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9 of 9 people found the following review helpful
5.0 out of 5 stars Holy music, 20 Dec. 2005
Kurt Messick "FrKurt Messick" (London, SW1) - See all my reviews
This review is from: Venetian Vespers (Monteverdi · Rigatti · Grandi· Cavalli) /Gabrieli Consort & Players · McCreesh (Audio CD)
Venice, once the most powerful city in the world due to its position in trade routes and as a nexus for military activities between the East and West, was also a leading centre for the arts and music for generations. As often happens, the cultural influence of the city remained strong long after the political and economic power was gone. So strong was the influence of Venice at this time that musicians and artists of other nations came to Venice to study, and carried back the influence to their home countries. One of the towering figures of this history was Claudio Monteverdi, who along with his many compositions sacred and secular, is credited with the first opera, 'L'Orfeo'. Monteverdi's compositions form the heart of this collection, which is designed as would be a Vespers service in St. Mark's Basilica in 1643.
Monteverdi is the leading light in this collection, but other composers of the time are also featured. The great Giovanni Gabrieli is acknowledged not only in the opening piece, but also in the name of the performers: the Gabrieli Consort and Players, under the direction of Paul McCreesh. Other composers featured include Rigatti, Grandi, Banchieri, Finetti, Cavalli, Marini, and Fasolo. The service of Vespers at St. Mark's was an elaborate affair, enhanced with extraliturgical motets and instrumental music, according to McCreesh. This was not according to standard liturgical practice, but was typical Venetian practice, where the Vespers became a very popular event. The Doge regularly attended the service.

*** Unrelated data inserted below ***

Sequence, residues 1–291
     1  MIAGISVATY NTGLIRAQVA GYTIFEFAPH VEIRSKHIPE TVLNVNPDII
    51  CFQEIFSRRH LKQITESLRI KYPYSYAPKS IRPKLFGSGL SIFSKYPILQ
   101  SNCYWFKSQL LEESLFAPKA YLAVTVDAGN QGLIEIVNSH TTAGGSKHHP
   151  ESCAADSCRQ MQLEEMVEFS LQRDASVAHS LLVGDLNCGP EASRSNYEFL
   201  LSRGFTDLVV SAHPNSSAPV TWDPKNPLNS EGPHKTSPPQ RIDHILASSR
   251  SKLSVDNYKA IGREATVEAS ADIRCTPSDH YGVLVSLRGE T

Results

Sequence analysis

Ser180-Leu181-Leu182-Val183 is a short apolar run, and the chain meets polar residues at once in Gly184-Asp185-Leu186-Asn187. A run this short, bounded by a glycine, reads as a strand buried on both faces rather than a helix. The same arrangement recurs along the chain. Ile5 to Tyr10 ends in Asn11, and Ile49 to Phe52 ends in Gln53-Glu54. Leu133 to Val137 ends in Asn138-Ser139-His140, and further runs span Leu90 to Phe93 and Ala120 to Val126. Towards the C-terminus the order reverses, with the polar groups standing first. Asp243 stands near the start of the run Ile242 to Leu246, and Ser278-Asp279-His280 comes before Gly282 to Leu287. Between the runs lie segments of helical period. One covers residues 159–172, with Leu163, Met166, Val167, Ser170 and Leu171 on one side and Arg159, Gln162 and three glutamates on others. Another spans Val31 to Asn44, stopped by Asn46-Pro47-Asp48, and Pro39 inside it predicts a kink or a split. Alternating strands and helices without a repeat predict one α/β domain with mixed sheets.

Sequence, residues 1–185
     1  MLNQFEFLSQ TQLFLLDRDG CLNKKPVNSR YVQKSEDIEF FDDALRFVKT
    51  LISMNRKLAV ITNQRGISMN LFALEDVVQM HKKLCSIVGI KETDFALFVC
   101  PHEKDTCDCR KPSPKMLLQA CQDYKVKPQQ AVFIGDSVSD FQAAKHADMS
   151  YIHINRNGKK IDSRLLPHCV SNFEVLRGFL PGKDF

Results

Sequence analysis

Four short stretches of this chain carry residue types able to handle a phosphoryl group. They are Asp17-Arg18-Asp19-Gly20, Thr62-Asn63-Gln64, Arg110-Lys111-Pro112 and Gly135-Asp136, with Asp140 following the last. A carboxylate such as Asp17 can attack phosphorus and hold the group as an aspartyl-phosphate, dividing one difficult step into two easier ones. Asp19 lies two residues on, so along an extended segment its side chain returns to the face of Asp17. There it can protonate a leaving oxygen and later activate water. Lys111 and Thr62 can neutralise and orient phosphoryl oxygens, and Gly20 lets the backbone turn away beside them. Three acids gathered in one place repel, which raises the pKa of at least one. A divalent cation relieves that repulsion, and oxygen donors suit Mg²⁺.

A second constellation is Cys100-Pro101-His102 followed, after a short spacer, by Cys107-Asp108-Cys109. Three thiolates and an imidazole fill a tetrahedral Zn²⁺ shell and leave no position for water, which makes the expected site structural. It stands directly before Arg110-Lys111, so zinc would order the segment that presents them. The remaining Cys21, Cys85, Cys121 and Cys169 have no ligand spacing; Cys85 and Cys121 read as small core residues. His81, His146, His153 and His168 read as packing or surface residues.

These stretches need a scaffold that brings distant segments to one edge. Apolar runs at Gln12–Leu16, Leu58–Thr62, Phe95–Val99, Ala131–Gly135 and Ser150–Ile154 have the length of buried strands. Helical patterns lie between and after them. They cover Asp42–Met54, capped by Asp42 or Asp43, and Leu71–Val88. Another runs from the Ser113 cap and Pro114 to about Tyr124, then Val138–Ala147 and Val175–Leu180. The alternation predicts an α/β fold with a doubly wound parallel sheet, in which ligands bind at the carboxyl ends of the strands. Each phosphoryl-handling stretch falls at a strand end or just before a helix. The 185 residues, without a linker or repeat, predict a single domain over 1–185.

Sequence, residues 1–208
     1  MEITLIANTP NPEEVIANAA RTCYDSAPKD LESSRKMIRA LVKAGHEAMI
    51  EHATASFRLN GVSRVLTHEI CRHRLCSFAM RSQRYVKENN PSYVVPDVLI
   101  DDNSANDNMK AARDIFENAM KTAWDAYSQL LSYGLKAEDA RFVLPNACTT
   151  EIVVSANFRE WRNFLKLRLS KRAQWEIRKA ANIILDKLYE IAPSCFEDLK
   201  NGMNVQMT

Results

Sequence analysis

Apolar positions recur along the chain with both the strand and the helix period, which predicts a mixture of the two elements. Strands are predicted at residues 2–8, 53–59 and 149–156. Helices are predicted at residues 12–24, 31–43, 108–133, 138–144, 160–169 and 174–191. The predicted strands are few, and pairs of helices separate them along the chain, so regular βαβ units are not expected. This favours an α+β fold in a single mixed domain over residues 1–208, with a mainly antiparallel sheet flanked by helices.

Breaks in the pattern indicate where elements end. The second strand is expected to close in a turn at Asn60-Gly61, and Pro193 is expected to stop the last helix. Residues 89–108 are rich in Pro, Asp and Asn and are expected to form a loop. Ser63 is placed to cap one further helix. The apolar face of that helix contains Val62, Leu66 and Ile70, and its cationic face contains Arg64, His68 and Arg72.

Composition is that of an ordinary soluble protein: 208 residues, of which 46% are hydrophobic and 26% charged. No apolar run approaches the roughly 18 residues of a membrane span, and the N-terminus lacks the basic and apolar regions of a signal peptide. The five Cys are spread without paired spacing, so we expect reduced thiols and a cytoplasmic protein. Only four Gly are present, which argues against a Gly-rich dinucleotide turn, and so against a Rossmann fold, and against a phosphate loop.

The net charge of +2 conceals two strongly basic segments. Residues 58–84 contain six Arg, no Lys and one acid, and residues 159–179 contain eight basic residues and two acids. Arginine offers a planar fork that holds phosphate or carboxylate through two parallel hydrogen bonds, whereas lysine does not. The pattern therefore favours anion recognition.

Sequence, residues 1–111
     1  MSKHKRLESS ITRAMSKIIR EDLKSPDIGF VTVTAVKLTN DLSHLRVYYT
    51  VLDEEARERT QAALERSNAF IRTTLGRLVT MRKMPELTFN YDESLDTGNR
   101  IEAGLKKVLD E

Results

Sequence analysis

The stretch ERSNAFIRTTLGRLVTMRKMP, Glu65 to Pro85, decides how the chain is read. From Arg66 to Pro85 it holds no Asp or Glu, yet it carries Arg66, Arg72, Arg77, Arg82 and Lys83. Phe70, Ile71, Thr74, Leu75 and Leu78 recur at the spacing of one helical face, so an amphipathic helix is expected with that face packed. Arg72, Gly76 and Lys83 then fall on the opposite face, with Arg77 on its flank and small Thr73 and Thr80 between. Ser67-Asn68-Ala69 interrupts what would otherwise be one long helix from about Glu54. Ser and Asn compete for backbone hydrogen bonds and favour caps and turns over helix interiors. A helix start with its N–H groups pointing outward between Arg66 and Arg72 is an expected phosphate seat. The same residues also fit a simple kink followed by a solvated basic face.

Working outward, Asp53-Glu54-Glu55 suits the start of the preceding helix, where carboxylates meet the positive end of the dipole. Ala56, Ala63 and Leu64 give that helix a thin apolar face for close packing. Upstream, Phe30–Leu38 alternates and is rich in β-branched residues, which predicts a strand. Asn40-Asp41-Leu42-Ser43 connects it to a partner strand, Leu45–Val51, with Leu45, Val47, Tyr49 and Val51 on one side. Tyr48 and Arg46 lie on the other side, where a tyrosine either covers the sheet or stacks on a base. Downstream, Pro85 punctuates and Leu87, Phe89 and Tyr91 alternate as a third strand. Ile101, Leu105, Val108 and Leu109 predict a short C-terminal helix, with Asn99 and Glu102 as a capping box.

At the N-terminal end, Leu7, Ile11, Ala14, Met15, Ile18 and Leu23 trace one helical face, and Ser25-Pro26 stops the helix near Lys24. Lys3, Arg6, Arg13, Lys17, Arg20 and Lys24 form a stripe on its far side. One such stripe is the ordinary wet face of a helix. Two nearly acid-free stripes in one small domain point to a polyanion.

This recording includes musical settings and plainchant from the time. While St. Mark's had a choir and consort of players totaling as many as 30 people each, usually services would only require about half that number. The choir would have had castrati as part of the vocal ensemble; that vocal range has been provided here by female sopranos and male falsettists.
Paul McCreesh formed the Gabrieli Consort and Players while still a student at Manchester University in the 1980s. Since then, the group and conductor have gone on to international awards and acclaim, specialising in music of the Renaissance and Baroque periods, which this particular disc fits by being done at the mid-point of the transition between the two.
This is a glorious, two-disc collection, done in a wonderful form of reconstructing what an actual service would be like. It is a brilliant performance, with graceful vocal and instrumental blending and strong tones of the spirit of music.
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